BlogLiterately- A tool for posting Haskelly articles to blogs

MaintainerBrent Yorgey <>
Safe HaskellNone




Tools for putting together a pipeline transforming the source for a post into a completely formatted HTML document.


Standard transforms

These transforms are enabled by default in the standard BlogLiterately executable.

standardTransforms :: [Transform]Source

The standard set of transforms that are run by default (in order from top to bottom):

optionsXF :: TransformSource

Extract blocks tagged with [BLOpts] and use their contents as options.

profileXF :: TransformSource

Load options from a profile if one is specified.

highlightOptsXF :: TransformSource

Read a user-supplied style file and add its contents to the highlighting options.

passwordXF :: TransformSource

Prompt the user for a password if the blog field is set but no password has been provided.

titleXF :: TransformSource

Potentially extract a title from the metadata block, and set it in the options record.

wptexifyXF :: TransformSource

Format embedded LaTeX for WordPress (if the wplatex flag is set).

ghciXF :: TransformSource

Format embedded ghci sessions (if the ghci flag is set).

uploadImagesXF :: TransformSource

Upload embedded local images to the server (if the uploadImages flag is set).

highlightXF :: TransformSource

Perform syntax highlighting on code blocks.

centerImagesXF :: TransformSource

Center any images which occur in a paragraph by themselves. Inline images are not affected.

citationsXF :: TransformSource

Format citations.


data Transform Source

A document transformation consists of two parts: an actual transformation, expressed as a function over Pandoc documents, and a condition specifying whether the transformation should actually be applied.

The transformation itself takes a BlogLiterately configuration as an argument. You may of course ignore it if you do not need to know anything about the configuration. The --xtra (or -x) flag is also provided especially as a method of getting information from the command-line to custom extensions. Arguments passed via -x on the command line are available from the xtra field of the BlogLiterately configuration.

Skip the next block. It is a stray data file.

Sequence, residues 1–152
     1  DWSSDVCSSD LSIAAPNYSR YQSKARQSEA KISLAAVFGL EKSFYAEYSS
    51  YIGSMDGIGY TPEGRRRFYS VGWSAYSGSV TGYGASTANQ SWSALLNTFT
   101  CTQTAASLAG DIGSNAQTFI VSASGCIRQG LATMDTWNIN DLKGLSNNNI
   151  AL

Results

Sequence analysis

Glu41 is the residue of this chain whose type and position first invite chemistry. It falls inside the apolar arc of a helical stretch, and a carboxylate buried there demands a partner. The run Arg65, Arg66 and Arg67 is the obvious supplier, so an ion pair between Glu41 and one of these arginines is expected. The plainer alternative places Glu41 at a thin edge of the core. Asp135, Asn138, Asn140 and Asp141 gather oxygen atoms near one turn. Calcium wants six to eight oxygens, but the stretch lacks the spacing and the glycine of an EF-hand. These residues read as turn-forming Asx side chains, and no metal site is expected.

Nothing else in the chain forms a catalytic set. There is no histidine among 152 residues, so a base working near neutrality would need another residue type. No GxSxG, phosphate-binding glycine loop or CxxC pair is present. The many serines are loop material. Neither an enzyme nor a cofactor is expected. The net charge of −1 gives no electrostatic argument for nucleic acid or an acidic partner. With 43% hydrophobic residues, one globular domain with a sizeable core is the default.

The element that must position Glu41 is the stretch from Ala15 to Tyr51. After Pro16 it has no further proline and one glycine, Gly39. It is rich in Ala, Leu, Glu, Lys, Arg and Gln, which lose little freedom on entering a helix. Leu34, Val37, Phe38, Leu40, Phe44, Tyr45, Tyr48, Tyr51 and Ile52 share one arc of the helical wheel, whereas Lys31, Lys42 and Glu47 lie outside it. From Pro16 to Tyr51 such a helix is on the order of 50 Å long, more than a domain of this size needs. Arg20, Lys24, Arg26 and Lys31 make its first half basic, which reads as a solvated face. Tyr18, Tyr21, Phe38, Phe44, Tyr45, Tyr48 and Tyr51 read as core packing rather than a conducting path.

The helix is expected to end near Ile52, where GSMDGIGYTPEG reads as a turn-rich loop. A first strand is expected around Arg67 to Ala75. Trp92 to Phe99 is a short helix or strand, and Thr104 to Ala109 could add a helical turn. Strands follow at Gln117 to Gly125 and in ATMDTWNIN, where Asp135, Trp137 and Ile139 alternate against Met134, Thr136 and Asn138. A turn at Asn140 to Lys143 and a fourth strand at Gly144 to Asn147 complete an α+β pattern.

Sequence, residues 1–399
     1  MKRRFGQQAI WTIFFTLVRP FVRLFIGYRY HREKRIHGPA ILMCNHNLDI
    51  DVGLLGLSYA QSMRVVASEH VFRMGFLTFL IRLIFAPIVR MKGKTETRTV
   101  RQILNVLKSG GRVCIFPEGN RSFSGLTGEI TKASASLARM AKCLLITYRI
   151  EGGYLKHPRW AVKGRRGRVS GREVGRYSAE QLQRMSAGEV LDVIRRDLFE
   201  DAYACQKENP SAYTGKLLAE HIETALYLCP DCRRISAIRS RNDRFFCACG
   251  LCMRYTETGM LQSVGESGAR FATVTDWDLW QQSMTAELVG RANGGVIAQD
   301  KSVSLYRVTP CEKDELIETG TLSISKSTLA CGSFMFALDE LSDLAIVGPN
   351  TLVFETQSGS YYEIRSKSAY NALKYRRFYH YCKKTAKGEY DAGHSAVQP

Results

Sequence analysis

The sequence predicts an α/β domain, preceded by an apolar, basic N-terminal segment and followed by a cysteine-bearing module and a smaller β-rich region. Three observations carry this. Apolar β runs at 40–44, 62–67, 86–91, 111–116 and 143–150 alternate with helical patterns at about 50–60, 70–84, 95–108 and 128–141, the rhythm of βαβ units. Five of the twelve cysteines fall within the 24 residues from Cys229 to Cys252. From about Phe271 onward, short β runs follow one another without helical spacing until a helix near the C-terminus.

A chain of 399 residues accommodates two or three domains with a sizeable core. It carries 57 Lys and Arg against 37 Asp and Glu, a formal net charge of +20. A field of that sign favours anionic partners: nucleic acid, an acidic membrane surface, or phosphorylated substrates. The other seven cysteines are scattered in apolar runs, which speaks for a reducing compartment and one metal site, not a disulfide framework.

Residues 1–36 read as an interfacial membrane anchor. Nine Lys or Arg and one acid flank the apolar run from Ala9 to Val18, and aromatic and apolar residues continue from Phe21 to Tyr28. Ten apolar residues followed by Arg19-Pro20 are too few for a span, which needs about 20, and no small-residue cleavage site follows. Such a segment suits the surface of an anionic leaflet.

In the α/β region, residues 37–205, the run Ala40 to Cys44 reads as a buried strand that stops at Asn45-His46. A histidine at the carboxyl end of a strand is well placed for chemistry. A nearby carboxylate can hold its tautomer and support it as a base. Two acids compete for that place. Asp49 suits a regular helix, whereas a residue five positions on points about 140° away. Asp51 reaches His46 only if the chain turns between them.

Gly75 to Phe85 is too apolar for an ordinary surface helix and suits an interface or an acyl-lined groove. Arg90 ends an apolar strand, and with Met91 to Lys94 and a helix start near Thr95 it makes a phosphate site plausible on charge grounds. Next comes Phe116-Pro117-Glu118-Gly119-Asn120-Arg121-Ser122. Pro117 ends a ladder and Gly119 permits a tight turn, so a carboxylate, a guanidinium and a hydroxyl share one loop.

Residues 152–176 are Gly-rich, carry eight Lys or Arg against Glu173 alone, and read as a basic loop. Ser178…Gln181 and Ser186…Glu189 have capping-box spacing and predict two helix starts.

The transformation is then specified as a stateful computation over both a BlogLiterately options record, and a Pandoc document. It may also have effects in the IO monad.

  • If you have a pure function of type BlogLiterately -> Pandoc -> Pandoc, you can use the pureTransform function to create a Transform.
  • If you have a function of type BlogLiterately -> Pandoc -> IO Pandoc, you can use ioTransform.
  • Otherwise you can directly create something of type StateT (BlogLiterately, Pandoc) IO ().

For examples, see the implementations of the standard transforms below.




getTransform :: StateT (BlogLiterately, Pandoc) IO ()

A document transformation, which can transform both the document and the options and have effects in the IO monad. The options record can be transformed because the document itself may contain information which affects the options.

xfCond :: BlogLiterately -> Bool

A condition under which to run the transformation.

pureTransform :: (BlogLiterately -> Pandoc -> Pandoc) -> (BlogLiterately -> Bool) -> TransformSource

Construct a transformation from a pure function.

ioTransform :: (BlogLiterately -> Pandoc -> IO Pandoc) -> (BlogLiterately -> Bool) -> TransformSource

Construct a transformation from a function in the IO monad.

runTransform :: Transform -> StateT (BlogLiterately, Pandoc) IO ()Source

Run a Transform (if its condition is met).

Transforming documents

xformDoc :: BlogLiterately -> [Transform] -> String -> IO (BlogLiterately, String)Source

Transform a complete input document string to an HTML output string, given a list of transformation passes.


fixLineEndings :: String -> StringSource

Turn CRLF pairs into a single LF. This is necessary since readMarkdown is picky about line endings.